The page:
Letters to Nature

Nature 404, 265-267 (16 March 2000) | doi:10.1038/35005040; Received 13 September 1999; Accepted 26 January 2000

Direct oxidation of hydrocarbons in a solid-oxide fuel cell

Seungdoo Park, John M. Vohs & Raymond J. Gorte

  1. Department of Chemical Engineering, University of Pennsylvania, Philadelphia, Pennsylvania 19104, USA

Correspondence to: Raymond J. Gorte Correspondence and requests for materials should be addressed to R.J.G. (e-mail: Email: gorte@seas.upenn.edu).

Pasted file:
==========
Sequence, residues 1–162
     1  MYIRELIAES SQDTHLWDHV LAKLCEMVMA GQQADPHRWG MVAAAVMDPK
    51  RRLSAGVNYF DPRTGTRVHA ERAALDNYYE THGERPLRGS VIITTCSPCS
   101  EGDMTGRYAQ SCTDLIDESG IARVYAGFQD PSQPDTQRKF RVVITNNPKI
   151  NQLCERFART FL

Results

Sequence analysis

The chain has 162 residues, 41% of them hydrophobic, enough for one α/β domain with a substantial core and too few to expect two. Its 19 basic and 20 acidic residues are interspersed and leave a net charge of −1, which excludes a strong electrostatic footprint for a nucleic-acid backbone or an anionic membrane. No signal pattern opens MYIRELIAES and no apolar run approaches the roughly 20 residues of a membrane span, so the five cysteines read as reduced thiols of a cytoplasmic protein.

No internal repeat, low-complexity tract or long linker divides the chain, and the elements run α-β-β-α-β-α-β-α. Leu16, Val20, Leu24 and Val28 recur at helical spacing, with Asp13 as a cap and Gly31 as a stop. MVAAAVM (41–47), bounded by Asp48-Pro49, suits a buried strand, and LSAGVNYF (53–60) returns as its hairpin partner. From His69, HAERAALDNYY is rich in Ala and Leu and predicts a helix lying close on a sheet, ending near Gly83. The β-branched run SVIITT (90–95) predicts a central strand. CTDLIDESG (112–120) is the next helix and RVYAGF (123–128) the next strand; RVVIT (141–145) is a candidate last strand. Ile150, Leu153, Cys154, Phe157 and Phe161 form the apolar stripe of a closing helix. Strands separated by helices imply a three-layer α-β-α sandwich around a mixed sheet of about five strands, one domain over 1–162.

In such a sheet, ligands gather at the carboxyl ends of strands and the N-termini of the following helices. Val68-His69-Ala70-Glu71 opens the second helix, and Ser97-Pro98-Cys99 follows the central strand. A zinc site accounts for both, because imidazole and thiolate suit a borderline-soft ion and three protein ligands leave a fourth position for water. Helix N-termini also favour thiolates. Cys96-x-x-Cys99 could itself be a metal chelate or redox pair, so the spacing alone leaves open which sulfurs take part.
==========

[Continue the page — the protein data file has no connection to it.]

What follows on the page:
The direct electrochemical oxidation of dry hydrocarbon fuels to generate electrical power has the potential to accelerate substantially the use of fuel cells in transportation and distributed-power applications1. Most fuel-cell research has involved the use of hydrogen as the fuel, although the practical generation and storage of hydrogen remains an important technological hurdle2. Methane has been successfully oxidized electrochemically3, 4, 5, 6, but the susceptibility to carbon formation from other hydrocarbons that may be present or poor power densities have prevented the application of this simple fuel in practical applications1. Here we report the direct, electrochemical oxidation of various hydrocarbons (methane, ethane, 1-butene, n-butane and toluene) using a solid-oxide fuel cell at 973 and 1,073 K with a composite anode of copper and ceria (or samaria-doped ceria). We demonstrate that the final products of the oxidation are CO2 and water, and that reasonable power densities can be achieved. The observation that a solid-oxide fuel cell can be operated on dry hydrocarbons, including liquid fuels, without reforming, suggests that this type of fuel cell could provide an alternative to hydrogen-based fuel-cell technologies.